Original Sunday page artwork for a Flash Gordon comic strip from 1937 sells for $60,375 at auction Original Sunday page artwork for ta Flash Gordon comic strip by the illustrator known as “the artist's artist,” Alex Raymond (1909-1956), dated 1/24/1937, sold for $60,375 at Philip Weiss Auctions.
News-Antique.com - Sep 19,2016 - LYNBROOK, N.Y. – Original Sunday page artwork for the Flash Gordon comic strip, done by the illustrator known as “the artist's artist,” Alex Raymond (1909-1956) and dated 1/24/1937, sold for $60,375 at an auction of comics, comic art, animation, illustration art, sports items and movie memorabilia, held Sept. 8th by Philip Weiss Auctions, in the firm's Merrick Road gallery.
The Flash Gordon strip, commissioned in 1937 by King Features Syndicate, distributors of the comic, was the top achiever in a 600+-lot auction that grossed right around $600,000. The strip showed Flash and Dale battling a Magnoped, with great action for both key characters. The lot was truly fresh to the market, having only recently been pulled from a noted cartoonist's estate.
“This was our first sale of the fall season, and it was a big success, with nice high prices, active bidding and large numbers of bidders,” said Philip Weiss of Philip Weiss Auctions. “Prices were strong across the board, in all categories, and the market for original comic book art and scarce comics continues to be strong. I feel confident offering more of this material in future auctions.”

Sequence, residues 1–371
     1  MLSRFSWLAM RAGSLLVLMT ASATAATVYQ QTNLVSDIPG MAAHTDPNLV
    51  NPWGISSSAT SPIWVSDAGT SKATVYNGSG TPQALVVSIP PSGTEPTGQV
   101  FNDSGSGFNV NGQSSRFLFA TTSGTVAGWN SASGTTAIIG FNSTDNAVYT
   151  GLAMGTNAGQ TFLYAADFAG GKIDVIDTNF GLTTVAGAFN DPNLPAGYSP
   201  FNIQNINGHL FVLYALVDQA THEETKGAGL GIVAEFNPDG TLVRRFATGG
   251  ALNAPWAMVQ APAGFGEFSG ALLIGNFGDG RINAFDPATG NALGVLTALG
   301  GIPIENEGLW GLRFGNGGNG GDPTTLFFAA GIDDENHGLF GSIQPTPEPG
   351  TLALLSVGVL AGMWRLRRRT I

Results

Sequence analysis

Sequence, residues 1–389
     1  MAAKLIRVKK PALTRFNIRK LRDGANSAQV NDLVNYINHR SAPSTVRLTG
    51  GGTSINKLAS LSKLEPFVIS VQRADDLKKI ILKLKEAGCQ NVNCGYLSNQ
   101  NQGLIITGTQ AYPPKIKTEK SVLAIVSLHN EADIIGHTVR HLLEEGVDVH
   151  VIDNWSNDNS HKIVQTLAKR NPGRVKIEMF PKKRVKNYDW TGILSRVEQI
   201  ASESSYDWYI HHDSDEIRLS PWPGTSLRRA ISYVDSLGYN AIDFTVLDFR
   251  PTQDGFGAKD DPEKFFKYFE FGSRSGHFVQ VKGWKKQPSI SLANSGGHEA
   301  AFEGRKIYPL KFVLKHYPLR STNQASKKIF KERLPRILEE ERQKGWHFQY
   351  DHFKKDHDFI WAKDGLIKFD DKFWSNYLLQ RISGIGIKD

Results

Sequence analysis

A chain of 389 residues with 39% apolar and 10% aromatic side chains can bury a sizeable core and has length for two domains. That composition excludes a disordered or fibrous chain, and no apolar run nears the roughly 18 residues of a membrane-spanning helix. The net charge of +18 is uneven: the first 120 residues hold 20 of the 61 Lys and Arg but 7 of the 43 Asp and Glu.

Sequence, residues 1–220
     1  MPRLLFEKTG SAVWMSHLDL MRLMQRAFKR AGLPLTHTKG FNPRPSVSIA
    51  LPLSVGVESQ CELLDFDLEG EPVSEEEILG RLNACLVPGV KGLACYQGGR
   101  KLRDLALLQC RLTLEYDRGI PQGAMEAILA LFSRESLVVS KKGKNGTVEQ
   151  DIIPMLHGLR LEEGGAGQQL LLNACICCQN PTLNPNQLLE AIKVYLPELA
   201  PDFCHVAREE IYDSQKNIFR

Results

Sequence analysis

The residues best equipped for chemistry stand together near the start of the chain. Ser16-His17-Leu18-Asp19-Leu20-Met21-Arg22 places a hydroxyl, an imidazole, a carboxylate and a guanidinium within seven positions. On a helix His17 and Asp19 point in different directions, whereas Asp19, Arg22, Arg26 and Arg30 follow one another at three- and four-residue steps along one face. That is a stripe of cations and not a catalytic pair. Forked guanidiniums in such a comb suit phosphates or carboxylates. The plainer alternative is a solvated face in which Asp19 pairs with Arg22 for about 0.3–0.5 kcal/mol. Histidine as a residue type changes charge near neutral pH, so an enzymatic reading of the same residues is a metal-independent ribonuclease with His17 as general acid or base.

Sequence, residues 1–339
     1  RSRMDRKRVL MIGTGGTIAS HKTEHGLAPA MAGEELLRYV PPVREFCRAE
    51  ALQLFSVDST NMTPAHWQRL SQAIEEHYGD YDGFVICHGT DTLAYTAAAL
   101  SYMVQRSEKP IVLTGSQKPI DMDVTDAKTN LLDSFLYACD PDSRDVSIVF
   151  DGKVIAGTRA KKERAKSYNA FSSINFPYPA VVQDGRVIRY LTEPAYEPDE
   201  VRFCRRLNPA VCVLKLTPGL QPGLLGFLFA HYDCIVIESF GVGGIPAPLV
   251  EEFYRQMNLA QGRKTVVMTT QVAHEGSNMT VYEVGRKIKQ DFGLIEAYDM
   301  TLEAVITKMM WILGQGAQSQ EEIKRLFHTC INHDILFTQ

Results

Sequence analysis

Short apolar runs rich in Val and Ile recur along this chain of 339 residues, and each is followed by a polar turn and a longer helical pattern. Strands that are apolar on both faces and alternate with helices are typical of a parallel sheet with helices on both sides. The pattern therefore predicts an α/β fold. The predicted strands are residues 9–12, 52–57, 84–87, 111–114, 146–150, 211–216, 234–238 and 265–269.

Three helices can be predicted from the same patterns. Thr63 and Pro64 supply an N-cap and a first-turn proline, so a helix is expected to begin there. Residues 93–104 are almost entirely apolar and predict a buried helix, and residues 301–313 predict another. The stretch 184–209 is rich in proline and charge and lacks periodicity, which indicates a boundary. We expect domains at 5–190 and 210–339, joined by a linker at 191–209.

Following are additional highlights from the auction. All prices quoted are inclusive of a sliding scale buyer's premium, which differed depending on how a winning bid was placed. Internet bidding was provided by LiveAuctioneers.com and Proxibid.com
The runner-up top lot was an example of one of the rarest, most iconic comic books ever printed: Superman #1 (DC Comics, 1939). It was a handsome copy, with some restoration along the spine of the front cover and routine wear and tear due to age, but it would still be the centerpiece of most anyone's Golden Age collection. This less-than-perfect comic book gaveled for $32,500.
The sale featured Part 3 of the Joe Kubert collection. Kubert (1926-2012) was a legendary comic artist and his estate included important drawings by him of Hawkman and Hawkgirl, as well as signed original cover art for Tor #3 (1974), Starman #12 (1st Special, 1976), Dr. Fate #9 (1975), Omac #8 (1975), Battle Classics #1 (1978) and G.I. Combat #198 (1977). All came up for bid.
Of these, the strongest lot was the pair of costume concept drawings of Hawkman and Hawkgirl, done in ink on 6 inch by 10 inch and 10 inch by 8 inch sheets and dated 1958-59. They appear to be the first concept renderings of these Silver Age characters, who debuted in 1961. Both were signed and dated and featured Kubert's handwritten notes. They were sold as one lot for $13,800.
Close behind was Kubert's original art for Tarzan #242 (Oct. 1975), for the cover story “Mayan Sacrifice”. The artist-signed, 12 inch by 17 inch piece went for $11,500. Also, original cover art for Hulk #253 (Nov. 1980), by Rich Buckler, for the cover story “Trial By Monster”, 11 inches by 17 inches, hit $7,500 despite condition issues from improper storage after Hurricane Sandy.
A late 1940s, post-World War II release French grande poster